Thanks to the community
A very special thank you to the Warrnambool community who over my 26 years at "Blood Bank" (now Lifeblood) have provided amazing support with their generous blood and plasma donations.
In our area we have the greatest "penetration rate" of eligible donors over all the country - the average is three per cent - and our local donation rate is closer to eight per cent. I am so proud of our community!
I have had the privilege of working with terrific staff, and volunteers over the years, and I am sad that because of the current pandemic I have not been able to invite the volunteers in for a final farewell.
The generosity of the volunteers has been incredible, some for many years, thank you all from the bottom of my heart.
I would also like to acknowledge the generosity of The Standard and 3YB who have always been willing to promote our cause whenever we've asked - thank you.
I have been truly honoured to be able to facilitate the selflessness of people who give of themselves to save the lives of people they never see.
Ann Barker, Warrnambool
Speculation not needed
I was surprised and disappointed to read last Saturday's editorial questioning the need to wear masks ("Is it time to drop the masks?" Saturday, October 31). The opinion presented questions both the scientific evidence and advice of the Chief Health Officer (who is both qualified and responsible for providing guidance) and shows a lack of insight into the damage this public questioning of the facts can do.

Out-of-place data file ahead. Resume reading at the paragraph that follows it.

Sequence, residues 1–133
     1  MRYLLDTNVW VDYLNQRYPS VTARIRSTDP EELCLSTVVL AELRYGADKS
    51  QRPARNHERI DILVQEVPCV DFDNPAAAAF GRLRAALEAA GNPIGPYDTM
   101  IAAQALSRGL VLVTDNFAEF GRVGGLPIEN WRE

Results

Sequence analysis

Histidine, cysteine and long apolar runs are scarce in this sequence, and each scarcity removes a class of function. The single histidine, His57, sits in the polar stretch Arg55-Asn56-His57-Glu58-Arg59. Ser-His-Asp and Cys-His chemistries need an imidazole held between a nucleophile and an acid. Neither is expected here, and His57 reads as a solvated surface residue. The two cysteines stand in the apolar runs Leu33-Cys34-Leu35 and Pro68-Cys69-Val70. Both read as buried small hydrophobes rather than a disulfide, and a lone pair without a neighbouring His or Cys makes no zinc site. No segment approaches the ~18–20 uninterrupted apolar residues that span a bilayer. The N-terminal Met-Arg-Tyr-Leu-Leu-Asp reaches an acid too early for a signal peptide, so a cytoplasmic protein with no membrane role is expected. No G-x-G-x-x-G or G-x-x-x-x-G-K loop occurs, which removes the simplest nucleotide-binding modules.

To speculate (without qualifications or credentials) that so early after Victoria started to turn the curve on COVID-19 cases that masks may not be needed is outrageous.
When our trust in the facts is eroded, we enter dangerous territory. We only need to look at the division in the US to see what happens when facts are passed as "fake news" and facts are questioned. For the editor of our local paper to pass ill-informed judgments which question when and in whom to trust to keep us safe and on a path to some return to normal is irresponsible journalism.
We need our local paper to promote a better understanding and positive discourse on the things that matter - health, education, politics and social issues. Newspapers are an incredible asset to local communities; one we need to value and nurture for the future of regional areas. When editorials like this are published it makes me question their value, and this can't be good for anyone.
Lisa McLeod, Bushfield
Mask up, COVID not over yet
Why would you not wear masks for the foreseeable future? Why would you not sanitize your hands?
Why would you not take names and phone numbers? Why would you not check licences?
COVID is not over, not by a long shot and complacency will only add to the numbers, creating an unnecessary third wave. Melbourne people will be down here in droves as soon as they are allowed.
You may not be COVID positive, but you don't know who is. Let's not get ahead of ourselves here. Common sense wins every time. Regional areas have used that common sense to be COVID free, let's not take our situation for granted. All it takes is one positive person, just one.